The success rate of the heartworm treatments here at Safari is high. We cure 95% of all pets that present with minimal clinical signs. We are able to cure 85% of the dogs that have severe clinical signs due to heartworm infection. This group of pets require additional therapy that is more involved than the normal heartworm treatment. The compound we use is an arsenic derivative. There are currently two arsenic compounds for treatment Caparsolate and melarsomine .
Initial Evaluation For Treatment
Day one of pre-treatment evaluation: This includes collection of blood to be sent to the lab, placement of an intravenous catheter and general anesthesia (isoflurane) for chest radiographs and ultrasound. The dog is started on H/D diet and ascriptin. (the aspirin may be started as far as two weeks in advance of the treatment and have beneficial effects)
Day two of Pre-treatment evaluation: Evaluation of test results and consultation with the owner regarding the treatment and prognosis.
Class 1: Patients in this category are characterized as having no symptoms of heartworm disease or mild symptoms of heartworm disease. No radiographic signs or signs of anemia are evident. Patients with mild disease may have subjective signs such as a general loss of condition, fatigue on exercise, or occasional cough; however, no objective radiograph or other abnormal laboratory parameters will be present.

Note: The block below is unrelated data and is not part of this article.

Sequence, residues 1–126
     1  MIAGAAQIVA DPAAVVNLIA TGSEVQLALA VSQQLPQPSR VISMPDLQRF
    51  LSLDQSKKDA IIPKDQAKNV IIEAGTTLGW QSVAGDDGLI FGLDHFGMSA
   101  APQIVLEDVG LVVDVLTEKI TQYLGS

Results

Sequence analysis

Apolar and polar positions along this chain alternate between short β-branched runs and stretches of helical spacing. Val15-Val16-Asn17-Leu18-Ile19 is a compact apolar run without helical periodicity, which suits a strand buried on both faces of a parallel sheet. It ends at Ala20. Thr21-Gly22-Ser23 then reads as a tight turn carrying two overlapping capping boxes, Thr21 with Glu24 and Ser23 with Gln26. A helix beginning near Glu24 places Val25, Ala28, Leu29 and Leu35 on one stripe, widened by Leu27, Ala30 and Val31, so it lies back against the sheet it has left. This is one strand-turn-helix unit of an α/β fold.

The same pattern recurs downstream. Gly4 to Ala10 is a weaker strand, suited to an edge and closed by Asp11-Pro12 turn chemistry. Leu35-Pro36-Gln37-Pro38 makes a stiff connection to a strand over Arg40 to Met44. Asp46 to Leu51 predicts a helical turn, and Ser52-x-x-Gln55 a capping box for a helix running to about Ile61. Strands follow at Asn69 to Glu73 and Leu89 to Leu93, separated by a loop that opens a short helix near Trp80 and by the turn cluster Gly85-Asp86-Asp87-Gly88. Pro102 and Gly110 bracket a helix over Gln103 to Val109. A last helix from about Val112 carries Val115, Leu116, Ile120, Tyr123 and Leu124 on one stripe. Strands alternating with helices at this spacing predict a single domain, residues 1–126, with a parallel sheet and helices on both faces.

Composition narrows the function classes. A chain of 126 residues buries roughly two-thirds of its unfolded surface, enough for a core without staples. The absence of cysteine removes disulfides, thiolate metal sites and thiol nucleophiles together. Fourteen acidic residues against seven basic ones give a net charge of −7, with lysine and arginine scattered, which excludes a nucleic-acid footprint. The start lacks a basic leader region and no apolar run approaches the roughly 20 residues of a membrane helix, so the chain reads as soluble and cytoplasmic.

Class 2: Patients in this category are characterized as having moderate heartworm disease. Radiographic signs or signs of anemia (PCV less than 30% but greater than 20%) are evident. Mild protein leakage into the urine (+2) may be present. radiographs show right heart enlargement and slight pulmonary artery enlargement. Lung densities may be present. Patients have clinical signs such as general loss of condition, fatigue on exercise or occasional cough.
Class 3: Patients in this category are characterized as having severe heartworm disease. Guarded prognosis is given for the treatment success. Subjective signs include wasting of the body due to poor heart function, constant fatigue, persistent cough, difficulty breathing and/or other signs of heart failure such as ascites, and or a jugular pulse. Radiographs show right heart enlargement, severe pulmonary artery enlargement, and pulmonary lesions typical for thromboembolism. Signs of significant anemia < 20% and other blood test abnormalities may be present. Proteinuria is usually present.